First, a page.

End of Smollett's career?

Jussie Smollett has been enmeshed in weekly drama on the set of "Empire," the Fox TV series that gave the actor a breakout role and the fame to advance his social activism.

Or at least he has been. Friday's news that Smollett will not appear on the final two episodes of this season of "Empire" leaves his future on the series very much in doubt.

It was a scene that played out on a dark Chicago street in January that has left Smollett facing felony charges and raised the possibility that his role as Jamal Lyon could mark the pinnacle of the 36-year-old's career.

Smollett, who is black and gay, told police he was the victim of a hate crime committed by men who threw liquid in his face, yelled racist, anti-gay slurs and looped a noose around his neck. After a three-week investigation, Smollett was charged Wednesday with staging the attack with help from two brothers he knew and allegedly paid for their services.

Even in an industry in which bad or erratic behaviour is expected, insiders and observers are stunned by what authorities allege was fakery intended in part to get Smollett publicity and a raise.

"This is incredible. No one does this," said Garth Ancier, a veteran network executive and a co-founder of the Fox network. If more money was his goal, that's what agents and negotiations are for, he said, calling the alleged hoax "beyond the pale."

"It's too bad that such a talented guy threw all that away," Ancier said, adding he didn't see how he could be kept on "Empire."

There are two episodes of the show left to make of the 18 airing this season, the fifth year for the series starring Taraji P. Henson and Terrence Howard as hip-hop moguls Cookie and Lucious Lyon.

In a statement, "Empire" producers said Friday that while they care about Smollett deeply, "We are also aware of the effects of this process on the cast and crew members who work on our show and to avoid further disruption on set, we have decided to remove the role of 'Jamal' from the final two episodes of the season."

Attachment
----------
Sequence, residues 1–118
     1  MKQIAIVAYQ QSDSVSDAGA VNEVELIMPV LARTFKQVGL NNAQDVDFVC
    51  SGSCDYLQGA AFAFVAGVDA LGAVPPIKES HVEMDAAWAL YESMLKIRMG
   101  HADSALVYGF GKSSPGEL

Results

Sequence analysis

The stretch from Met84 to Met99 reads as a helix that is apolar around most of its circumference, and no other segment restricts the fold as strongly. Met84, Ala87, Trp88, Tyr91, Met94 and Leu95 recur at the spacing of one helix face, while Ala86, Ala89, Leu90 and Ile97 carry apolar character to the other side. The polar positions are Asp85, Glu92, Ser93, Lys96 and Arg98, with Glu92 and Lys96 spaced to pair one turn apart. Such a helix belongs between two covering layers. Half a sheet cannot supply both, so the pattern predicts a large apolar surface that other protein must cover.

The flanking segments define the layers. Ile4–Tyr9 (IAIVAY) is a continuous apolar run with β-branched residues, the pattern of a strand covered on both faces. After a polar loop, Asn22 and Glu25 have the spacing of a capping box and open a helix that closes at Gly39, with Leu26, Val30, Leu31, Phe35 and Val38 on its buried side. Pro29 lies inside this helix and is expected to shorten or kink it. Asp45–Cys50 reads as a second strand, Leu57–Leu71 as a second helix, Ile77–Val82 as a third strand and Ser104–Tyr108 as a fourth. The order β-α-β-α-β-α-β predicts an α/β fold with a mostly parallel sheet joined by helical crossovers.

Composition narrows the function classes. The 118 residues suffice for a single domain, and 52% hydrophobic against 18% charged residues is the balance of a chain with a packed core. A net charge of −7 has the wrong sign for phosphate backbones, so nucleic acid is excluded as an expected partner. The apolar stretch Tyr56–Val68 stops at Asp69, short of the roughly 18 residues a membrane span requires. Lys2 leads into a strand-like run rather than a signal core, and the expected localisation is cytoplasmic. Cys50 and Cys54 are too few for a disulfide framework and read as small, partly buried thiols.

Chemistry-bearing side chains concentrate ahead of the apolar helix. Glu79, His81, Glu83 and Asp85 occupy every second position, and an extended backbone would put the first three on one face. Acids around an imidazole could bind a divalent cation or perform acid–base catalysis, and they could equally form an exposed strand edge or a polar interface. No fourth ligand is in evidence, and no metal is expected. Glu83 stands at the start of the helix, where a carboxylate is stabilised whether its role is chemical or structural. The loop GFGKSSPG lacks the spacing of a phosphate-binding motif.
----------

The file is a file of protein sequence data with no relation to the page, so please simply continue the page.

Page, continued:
Before Friday's statement, Fox had publicly stood behind Smollett even as skepticism about the attack arose. Replacing Smollett so late in the series might be problematic. Writing his character, one of three Lyon sons, out of future seasons would be less so.

Smollett's legal team released a statement late Thursday calling Chicago police's version of events "an organized law enforcement spectacle that has no place in the American legal system.

"Mr. Smollett is a young man of impeccable character and integrity who fiercely and solemnly maintains his innocence and feels betrayed by a system that apparently wants to skip due process and proceed directly to sentencing," the statement said.

After Smollett was charged, TNT's celebrity battle-rap series "Drop the Mic" pulled an upcoming episode with him "in the interest of not being exploitative of an incredibly sensitive situation," the network said in a statement.

Experts in the field of crisis management were pessimistic. The online mockery Smollett is taking is unlikely to stop, and it could hinder any attempt to re-emerge, said Eric Dezenhall, CEO of the public relations firm Dezenhall Resources.

"The thing it's really hard to come back from is ridicule," Dezenhall said. "It can be easier to come back from something just bad. In our culture the whiff of something dangerous has a certain street cred. But here we're talking about a combination of malevolence and ridiculousness."

Eden Gillott, president of Gillott Communications, offered a similar take.

"This could be a career-killer. We've seen this many times. Society has become more intolerant and unforgiving," said Gillott, citing instances ranging from Kevin Spacey's firing from "House of Cards" for alleged sexual misconduct to Megyn Kelly's "Today" exit after she defended blackface costumes.

What Smollett is alleged to have done isn't analogous to either one — or to just about anything that's happened with a celebrity or prominent person in recent memory or in news files.



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